Witherspoon founded the Hall of Fame as a way to keep that legacy alive. A time capsule of about 90 athletes and coaches from the area, it starts with figures like Colzie, a World War II veteran who played baseball for the Indianapolis Clowns of the Negro Leagues, and continues with the former pro running back Gore and Cooper, a receiver with the Cleveland Browns.

“Coconut Grove is the nesting place for all of us athletes from this neighborhood,” said Gerald Tinker, a West Grove native who won a gold medal at the 1972 Olympics as a member of the U.S. 4x100 meter relay team. “They would always expect us to be just as good (as earlier generations), and just as humble as well. And it’s always been that way.”

The community’s reputation for athletics was birthed at George Washington Carver High School, a segregated Black school. Carver was a football powerhouse in the 1950s and 1960s, winning five state championships under Powell, who helped shape the landscape of Miami's high school sports scene.

Harold Cole, a former coach and athletic director at nearby Coral Gables High School who was inducted into the Hall of Fame in 2019, said Powell's influence has lasted generations.

“He was a coach; he was a mentor,” Cole said. “He was responsible for so many of the athletes that have come out of Coconut Grove.”

Cole said West Grove still has youth sports programs, but since many families have moved out and kids have dispersed to other school districts, “it isn’t quite the same.”

Integration in the 1970s forced Carver to close. It's a middle school now, located in the wealthy nearby town of Coral Gables.

“That division broke the fabric of the community to a degree in the '80s," Witherspoon said.

Nichelle Haymore's family hopes to preserve some of the old neighborhood by reopening the Ace Theater, a popular spot for Black residents during the Jim Crow era. Haymore's great-grandfather, businessman Harvey Wallace Sr., bought the theater on Grand Avenue in the 1970s. Born in West Grove, Haymore spent years in Texas before moving back in 2007 to help maintain the theater.

“The feel of the neighborhood is different,” Haymore said. “Neighbors who may have looked out for your house in the beginning, they don’t say hello, they don’t speak. People walk their dogs in your yard. That neighborly respect is different because the neighborhood is different.”

Shotgun-style homes belonging to Black residents have been torn down for sleek, boxy estates — called ice cubes by some — and condominiums far too expensive for the middle-class people that built the community. Abandoned, boarded-up buildings sit where landmarks used to draw crowds. Giant real estate advertisements are plastered on the fences of vacant lots.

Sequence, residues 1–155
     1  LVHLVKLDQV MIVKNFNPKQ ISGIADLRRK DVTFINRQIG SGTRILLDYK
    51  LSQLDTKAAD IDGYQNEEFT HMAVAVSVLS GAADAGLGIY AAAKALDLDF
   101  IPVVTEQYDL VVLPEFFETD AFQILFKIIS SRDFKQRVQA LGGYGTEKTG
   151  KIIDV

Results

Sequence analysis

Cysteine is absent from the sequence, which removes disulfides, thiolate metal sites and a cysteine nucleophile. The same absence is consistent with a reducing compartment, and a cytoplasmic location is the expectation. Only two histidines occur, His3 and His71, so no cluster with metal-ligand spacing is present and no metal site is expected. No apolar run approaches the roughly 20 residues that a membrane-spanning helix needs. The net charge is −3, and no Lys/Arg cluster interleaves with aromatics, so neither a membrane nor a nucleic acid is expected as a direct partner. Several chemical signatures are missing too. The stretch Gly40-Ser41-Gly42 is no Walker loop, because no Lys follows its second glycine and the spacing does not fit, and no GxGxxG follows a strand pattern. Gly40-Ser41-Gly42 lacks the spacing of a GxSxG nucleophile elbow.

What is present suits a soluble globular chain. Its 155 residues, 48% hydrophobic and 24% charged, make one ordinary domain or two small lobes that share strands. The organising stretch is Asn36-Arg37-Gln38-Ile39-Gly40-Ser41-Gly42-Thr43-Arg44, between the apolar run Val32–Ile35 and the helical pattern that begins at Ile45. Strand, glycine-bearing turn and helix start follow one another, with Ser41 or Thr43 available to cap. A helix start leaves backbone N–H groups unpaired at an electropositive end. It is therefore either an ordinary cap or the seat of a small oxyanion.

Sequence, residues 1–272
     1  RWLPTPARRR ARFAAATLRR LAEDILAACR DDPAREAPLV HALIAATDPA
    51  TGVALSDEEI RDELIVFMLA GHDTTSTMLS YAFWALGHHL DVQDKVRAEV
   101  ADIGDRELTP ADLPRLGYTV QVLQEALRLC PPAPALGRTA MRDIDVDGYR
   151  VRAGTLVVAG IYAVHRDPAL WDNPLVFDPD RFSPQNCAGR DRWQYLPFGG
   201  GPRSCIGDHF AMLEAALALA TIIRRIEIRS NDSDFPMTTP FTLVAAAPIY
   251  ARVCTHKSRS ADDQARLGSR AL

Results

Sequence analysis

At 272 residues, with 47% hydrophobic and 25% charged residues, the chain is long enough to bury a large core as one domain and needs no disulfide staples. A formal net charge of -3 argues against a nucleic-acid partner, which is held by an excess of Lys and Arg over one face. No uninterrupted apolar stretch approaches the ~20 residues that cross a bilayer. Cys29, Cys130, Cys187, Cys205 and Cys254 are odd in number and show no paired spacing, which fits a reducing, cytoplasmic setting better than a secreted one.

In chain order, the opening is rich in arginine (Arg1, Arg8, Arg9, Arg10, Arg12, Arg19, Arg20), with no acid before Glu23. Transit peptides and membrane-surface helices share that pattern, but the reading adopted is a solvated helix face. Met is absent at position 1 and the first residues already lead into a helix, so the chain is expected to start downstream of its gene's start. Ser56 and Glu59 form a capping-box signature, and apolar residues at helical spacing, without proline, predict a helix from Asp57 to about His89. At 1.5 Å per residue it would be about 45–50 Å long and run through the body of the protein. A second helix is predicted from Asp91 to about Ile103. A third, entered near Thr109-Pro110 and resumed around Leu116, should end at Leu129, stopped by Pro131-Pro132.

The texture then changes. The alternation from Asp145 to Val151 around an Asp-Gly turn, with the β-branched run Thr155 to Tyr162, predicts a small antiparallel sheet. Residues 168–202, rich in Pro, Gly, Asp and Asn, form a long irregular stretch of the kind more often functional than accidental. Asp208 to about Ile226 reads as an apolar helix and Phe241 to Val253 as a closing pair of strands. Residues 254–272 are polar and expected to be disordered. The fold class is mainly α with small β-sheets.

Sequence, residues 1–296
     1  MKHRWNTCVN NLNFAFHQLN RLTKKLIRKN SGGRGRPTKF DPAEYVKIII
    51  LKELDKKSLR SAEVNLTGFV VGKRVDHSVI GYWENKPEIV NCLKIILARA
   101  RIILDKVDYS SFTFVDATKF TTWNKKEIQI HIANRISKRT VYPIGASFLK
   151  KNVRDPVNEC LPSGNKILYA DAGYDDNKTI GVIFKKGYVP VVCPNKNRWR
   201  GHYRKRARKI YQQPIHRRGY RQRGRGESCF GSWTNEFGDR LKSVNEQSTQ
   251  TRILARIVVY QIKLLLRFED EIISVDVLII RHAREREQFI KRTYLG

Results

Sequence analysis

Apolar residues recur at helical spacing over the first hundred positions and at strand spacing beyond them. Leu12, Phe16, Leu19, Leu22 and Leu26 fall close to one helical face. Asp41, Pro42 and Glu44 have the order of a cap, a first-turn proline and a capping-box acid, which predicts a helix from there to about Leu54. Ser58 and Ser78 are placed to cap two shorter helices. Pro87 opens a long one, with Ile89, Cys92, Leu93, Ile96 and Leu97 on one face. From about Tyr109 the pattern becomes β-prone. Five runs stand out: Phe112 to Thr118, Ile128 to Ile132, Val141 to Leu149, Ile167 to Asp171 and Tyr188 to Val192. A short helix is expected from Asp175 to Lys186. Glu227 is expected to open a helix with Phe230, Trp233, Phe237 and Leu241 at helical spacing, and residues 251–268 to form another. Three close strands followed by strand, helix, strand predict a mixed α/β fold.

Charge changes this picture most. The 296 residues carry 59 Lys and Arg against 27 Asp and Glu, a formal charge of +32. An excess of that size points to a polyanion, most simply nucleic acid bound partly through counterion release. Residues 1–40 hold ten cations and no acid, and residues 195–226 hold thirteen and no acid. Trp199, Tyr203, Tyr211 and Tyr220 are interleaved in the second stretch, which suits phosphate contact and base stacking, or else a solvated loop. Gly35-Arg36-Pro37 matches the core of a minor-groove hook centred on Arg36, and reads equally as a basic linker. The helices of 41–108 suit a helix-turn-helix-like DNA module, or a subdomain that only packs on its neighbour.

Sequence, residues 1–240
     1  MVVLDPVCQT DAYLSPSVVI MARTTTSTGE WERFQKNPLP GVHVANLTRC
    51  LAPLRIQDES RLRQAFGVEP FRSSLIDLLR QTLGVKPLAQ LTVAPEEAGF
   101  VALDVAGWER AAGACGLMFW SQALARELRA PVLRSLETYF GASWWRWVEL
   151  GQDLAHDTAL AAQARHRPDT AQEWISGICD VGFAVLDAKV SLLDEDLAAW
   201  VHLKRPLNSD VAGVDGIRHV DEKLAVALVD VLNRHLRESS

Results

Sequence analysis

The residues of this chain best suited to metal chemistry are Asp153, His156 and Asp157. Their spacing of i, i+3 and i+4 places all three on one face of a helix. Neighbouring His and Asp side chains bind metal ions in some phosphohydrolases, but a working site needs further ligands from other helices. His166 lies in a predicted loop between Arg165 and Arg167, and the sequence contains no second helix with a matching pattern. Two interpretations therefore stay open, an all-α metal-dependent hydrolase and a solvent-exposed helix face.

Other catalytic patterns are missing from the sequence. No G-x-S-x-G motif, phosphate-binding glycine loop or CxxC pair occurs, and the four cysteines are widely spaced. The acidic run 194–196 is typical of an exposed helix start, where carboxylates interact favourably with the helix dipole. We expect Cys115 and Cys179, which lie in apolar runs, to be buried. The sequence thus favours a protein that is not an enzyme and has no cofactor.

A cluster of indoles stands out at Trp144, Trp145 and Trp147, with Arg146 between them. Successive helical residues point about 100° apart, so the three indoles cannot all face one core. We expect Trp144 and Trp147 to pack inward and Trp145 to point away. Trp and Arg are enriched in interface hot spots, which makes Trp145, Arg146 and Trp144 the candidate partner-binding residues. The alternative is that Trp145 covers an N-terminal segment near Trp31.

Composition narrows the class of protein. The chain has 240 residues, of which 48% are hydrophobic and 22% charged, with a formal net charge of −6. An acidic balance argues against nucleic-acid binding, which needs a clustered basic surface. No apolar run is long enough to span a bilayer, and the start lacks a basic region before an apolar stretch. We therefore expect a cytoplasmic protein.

“They’re knocking down homes that’s been in people’s families for years and they’re building townhomes,” said Denzel Perryman, a Coconut Grove native and former University of Miami star who is a linebacker for the Los Angeles Chargers. “So, it does affect the community because some kids who are from there, they end up going to different places, different parks because they don’t live in the Coconut Grove area.”

Perryman, who lived in Miami’s historic Black neighborhood of Overtown as a kid, spent most of his time in West Grove playing football at Armbrister Park or participating in the many after-school activities the community had to offer.

Some still exist today. Perryman watched his childhood football team, the Coconut Grove Cowboys, win a Pop Warner championship in December. Youth teams still hold practices at Armbrister Park, though some of them look different from teams of years past.

“It’s unfortunate because you lose so much, the character,” said Gibson, a football and lacrosse coach. “There’s certain things in a community that has family ties to it. When you lose that, I think that it’s a sadness.”

Gibson is determined, like many other residents, to foster the same family environment that nurtured him.

“You can’t put a dollar sign on saying, ‘Go to grandma’s house. She (lives) next door,’” Gibson said. “You don’t even have to look outside because you know that it’s just 10 steps away and they’re inside the house. How can you put a value on that?”

In The Grove, that is the question people are struggling to answer — before it's too late.